- Open the SonarQube web interface and navigate to your project.
- Go to the "Administration" section from the sidebar.
- In the "Quality Profiles" tab, select the profile you want to add custom rules to (e.g., "Sonar way"). If you don't have a custom profile, you can create one and activate it.
- Click on the "Create" button under "Rules" to create a new rule template.
- Specify the rule details such as name, description, type, severity, and tags.
- Under the "Parameters" tab, configure the parameters for the rule if necessary. This step depends on the rule you selected.
- Save the custom rule template.
- Once the rule template is saved, it will appear in the "Quality Profiles" tab. Activate the rule by checking the box next to it.
- To analyze your code with the custom rules, run a new SonarQube analysis.
By setting up custom rules, you can define coding standards specific to your project and enforce them during code analysis. Custom rules in SonarQube enable you to expand the capabilities of the default rule sets and tailor them to your project's needs.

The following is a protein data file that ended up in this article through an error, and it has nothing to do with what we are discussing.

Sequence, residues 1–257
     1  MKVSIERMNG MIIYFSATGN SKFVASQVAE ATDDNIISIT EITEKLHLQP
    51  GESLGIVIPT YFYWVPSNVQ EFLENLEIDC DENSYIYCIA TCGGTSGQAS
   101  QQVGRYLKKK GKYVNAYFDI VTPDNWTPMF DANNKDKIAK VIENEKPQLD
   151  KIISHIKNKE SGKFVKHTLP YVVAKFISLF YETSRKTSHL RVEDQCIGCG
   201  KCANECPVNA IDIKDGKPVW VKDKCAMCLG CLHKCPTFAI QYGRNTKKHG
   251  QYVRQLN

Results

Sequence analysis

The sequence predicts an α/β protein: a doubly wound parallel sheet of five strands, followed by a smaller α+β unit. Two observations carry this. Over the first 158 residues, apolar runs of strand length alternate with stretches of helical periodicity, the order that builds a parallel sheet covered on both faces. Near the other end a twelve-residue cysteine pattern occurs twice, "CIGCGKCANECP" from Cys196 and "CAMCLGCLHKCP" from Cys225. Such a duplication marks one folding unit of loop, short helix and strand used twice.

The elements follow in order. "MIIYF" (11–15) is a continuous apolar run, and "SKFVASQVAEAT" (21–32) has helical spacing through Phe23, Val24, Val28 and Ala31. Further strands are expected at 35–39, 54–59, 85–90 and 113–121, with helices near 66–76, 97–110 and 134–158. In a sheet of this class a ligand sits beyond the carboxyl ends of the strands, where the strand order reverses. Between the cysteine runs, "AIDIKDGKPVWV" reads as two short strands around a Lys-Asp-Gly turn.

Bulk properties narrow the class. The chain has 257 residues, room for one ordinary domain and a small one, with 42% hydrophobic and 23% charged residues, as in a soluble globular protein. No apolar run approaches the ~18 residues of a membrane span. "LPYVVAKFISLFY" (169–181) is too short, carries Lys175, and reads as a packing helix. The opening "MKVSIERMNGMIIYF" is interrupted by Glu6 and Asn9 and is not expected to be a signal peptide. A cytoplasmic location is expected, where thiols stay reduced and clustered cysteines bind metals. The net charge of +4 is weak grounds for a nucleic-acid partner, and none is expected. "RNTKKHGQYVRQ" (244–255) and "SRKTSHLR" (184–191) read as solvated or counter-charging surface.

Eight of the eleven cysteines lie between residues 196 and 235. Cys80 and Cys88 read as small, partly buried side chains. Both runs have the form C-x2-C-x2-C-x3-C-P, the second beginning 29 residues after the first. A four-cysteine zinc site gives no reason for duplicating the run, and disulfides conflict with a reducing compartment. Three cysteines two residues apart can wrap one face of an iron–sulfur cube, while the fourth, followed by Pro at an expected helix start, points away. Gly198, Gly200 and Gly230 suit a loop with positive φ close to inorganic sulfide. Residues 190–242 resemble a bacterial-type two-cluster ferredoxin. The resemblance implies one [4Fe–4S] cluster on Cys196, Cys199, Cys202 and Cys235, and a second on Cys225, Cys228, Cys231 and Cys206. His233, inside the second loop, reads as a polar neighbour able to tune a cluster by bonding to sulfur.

Code coverage is used to measure the extent to which the source code of a program is tested by a particular test suite. It helps in identifying areas of code that have not been tested, thereby allowing developers to improve test coverage and identify potential bugs or vulnerabilities.
- Rule effectiveness: Code coverage helps in determining how effective the custom rules are in identifying potential issues. By analyzing the coverage data, developers can identify areas of code that are not covered by tests and verify if the custom rules are detecting issues accurately.
- Quality improvement: Code coverage metrics can be used to identify areas of code with low or no coverage, implying potential gaps in testing. It can guide developers to focus on such areas and improve the quality and reliability of the codebase.